Represents 95,000 African-American–owned businesses and provides advocacy that reaches one million African-American-owned businesses. Throughout the 1990s, African-American businesses in the United States posted sales of more than $100 billion annually. In general, African Americans represent an annual spending base of more than $800 billion. NBCC has harnessed much of the power of these dollars and provides unique opportunities for corporations and African-American businesses to partner in creating greater opportunity for all people.
National Council of Negro Women, Inc. (NCNW)
An assembly of national African-American women’s organizations and community-based sections. Founded in 1935, the NCNW’s mission is to lead, develop and advocate for women of African descent as they support their families and communities. NCNW fulfills this purpose through research, advocacy and national and community-based services and programs on issues of health, education and economic empowerment in the United States and Africa.
National Medical Association (NMA)
Promotes the collective interests of physicians and patients of African descent. The organization is a leading force for parity in medicine, the elimination of health disparities and the promotion of optimal health.
National Urban League
A civil-rights organization focused on the economic empowerment of underserved urban communities. The National Urban League works through 100 local affiliates in 36 states and the District of Columbia to provide programming, public policy research and advocacy designed to improve the lives of more than 2 million people nationwide.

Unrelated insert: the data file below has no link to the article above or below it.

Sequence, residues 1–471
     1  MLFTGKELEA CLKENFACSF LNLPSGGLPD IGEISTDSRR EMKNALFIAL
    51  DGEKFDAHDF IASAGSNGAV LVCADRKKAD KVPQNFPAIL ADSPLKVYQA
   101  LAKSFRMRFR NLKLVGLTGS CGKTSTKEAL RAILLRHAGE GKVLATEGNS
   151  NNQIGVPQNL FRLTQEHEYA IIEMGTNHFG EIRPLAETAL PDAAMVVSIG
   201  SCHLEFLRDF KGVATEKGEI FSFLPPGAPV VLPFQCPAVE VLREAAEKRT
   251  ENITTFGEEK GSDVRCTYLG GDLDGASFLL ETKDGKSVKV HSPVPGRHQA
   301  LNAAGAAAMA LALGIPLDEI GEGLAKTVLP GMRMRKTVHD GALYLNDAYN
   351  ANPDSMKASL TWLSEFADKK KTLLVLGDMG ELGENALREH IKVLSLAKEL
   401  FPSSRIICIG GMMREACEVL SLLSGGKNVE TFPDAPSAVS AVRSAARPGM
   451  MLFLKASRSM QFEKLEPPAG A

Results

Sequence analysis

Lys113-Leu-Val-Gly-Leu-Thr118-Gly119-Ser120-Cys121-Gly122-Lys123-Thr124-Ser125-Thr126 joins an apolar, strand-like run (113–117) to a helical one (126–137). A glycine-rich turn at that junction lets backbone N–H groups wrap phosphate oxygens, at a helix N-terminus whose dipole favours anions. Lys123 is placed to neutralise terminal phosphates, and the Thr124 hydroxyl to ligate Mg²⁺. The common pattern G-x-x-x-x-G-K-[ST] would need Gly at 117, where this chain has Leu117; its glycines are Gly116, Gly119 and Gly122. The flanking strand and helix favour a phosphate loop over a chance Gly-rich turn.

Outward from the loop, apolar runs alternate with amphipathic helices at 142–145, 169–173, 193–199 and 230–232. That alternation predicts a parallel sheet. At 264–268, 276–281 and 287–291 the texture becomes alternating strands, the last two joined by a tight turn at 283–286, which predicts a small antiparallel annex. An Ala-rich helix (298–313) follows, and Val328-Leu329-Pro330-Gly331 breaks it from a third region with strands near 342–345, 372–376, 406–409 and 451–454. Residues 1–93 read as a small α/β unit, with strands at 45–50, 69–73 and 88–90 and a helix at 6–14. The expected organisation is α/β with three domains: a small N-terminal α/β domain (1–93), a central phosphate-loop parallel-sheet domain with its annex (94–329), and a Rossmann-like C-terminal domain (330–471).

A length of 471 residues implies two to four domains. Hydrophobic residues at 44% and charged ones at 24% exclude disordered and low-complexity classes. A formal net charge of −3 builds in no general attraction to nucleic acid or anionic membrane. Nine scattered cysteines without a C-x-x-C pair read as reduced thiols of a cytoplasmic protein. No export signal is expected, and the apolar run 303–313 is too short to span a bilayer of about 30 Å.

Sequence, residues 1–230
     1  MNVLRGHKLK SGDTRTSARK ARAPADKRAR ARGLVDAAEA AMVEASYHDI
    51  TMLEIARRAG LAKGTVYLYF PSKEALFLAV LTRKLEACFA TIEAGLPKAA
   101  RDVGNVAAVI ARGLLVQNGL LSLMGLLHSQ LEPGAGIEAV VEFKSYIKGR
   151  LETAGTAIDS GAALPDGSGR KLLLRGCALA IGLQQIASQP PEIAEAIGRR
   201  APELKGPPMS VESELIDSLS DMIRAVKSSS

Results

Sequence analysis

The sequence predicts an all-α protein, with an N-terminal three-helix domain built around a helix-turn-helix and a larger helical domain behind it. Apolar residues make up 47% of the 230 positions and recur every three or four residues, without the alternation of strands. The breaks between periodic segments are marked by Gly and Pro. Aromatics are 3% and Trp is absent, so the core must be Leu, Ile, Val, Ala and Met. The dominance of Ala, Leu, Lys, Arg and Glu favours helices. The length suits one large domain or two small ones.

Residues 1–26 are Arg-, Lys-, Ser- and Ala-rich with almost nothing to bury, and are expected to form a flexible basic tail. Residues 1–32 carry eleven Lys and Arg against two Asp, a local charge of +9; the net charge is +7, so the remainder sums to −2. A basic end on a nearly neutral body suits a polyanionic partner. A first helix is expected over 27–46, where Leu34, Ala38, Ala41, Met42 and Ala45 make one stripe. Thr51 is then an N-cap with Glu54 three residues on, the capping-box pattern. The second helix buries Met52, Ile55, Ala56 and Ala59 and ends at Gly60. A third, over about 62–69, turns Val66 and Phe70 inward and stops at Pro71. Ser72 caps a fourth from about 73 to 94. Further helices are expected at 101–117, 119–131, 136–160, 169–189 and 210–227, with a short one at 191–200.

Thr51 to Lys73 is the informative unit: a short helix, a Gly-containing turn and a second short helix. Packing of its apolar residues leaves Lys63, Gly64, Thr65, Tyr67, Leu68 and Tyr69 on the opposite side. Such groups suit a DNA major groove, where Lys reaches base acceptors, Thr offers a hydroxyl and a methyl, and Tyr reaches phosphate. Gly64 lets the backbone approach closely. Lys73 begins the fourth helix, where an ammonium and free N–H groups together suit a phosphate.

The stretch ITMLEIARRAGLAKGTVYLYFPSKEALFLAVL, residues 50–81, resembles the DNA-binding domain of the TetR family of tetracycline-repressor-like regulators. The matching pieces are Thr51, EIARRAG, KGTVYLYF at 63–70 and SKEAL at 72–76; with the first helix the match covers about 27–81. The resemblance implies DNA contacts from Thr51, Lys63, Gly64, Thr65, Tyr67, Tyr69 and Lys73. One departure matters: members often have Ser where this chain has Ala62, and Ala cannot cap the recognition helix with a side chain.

National Coalition of 100 Black Women (NCBW)
To meet the diverse needs of its members and to empower African American women in general, NCBW implements programs that provide an effective network among African-American women, establish links between NCBW and the corporate and political sectors, enable African-American women to be a visible force in the socioeconomic arena and meet the career needs of these women and facilitate their access to mainstream America.
100 Black Men of America
The mission of 100 Black Men of America is to improve the quality of life and enhance educational and economic opportunities for all African Americans.
United Negro College Fund (UNCF)
The nation’s largest, oldest, most successful and most comprehensive minority higher-education assistance organization. The UNCF provides operating funds and technology enhancement services for 39 member historically African-American colleges and universities, scholarships and internships for students at approximately 900 institutions and faculty and administrative professional training.
Asian American Legal Defense & Education Fund (AALDEF)
The first legal rights organization on the East
Coast serving Asian Americans. It was founded by a group of lawyers, law
students and community activists who believed that the law should be used as a
tool to achieve social and economic justice for Asian Americans and all
American Medical Students Association
A national organization that aims to address issues important to Asian-American students studying medicine.
Asian Pacific American Chamber of Commerce
To facilitate business relationships among Asian and U.S. based companies and to promote the economic advancement of Asian Pacific Americans.
The Center for Asian Pacific American Women